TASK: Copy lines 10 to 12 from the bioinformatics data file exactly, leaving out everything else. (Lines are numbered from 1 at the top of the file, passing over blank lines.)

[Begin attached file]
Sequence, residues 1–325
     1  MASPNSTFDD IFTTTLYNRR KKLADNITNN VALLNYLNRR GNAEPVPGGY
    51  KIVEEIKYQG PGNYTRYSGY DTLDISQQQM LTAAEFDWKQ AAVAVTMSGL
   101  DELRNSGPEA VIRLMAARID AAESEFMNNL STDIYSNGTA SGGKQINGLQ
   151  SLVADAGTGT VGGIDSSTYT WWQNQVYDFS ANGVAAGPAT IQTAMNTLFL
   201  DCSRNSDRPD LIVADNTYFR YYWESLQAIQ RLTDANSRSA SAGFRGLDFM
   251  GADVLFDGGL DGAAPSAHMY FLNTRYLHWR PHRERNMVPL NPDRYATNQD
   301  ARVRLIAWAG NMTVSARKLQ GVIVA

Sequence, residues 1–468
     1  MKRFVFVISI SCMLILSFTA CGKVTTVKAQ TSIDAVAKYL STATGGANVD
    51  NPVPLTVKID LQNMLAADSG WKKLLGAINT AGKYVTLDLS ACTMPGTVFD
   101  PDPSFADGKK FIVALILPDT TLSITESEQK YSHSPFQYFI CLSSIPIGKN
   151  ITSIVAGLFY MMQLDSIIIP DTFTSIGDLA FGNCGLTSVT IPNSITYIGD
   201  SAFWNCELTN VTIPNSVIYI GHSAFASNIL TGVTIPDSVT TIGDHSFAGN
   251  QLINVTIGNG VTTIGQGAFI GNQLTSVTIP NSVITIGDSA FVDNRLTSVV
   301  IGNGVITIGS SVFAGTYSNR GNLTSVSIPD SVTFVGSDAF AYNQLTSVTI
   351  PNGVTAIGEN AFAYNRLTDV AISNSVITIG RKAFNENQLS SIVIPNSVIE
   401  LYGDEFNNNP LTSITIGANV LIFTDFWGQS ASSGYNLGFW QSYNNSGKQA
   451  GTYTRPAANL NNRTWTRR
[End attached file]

     1  MKRFVFVISI SCMLILSFTA CGKVTTVKAQ TSIDAVAKYL STATGGANVD
    51  NPVPLTVKID LQNMLAADSG WKKLLGAINT AGKYVTLDLS ACTMPGTVFD
   101  PDPSFADGKK FIVALILPDT TLSITESEQK YSHSPFQYFI CLSSIPIGKN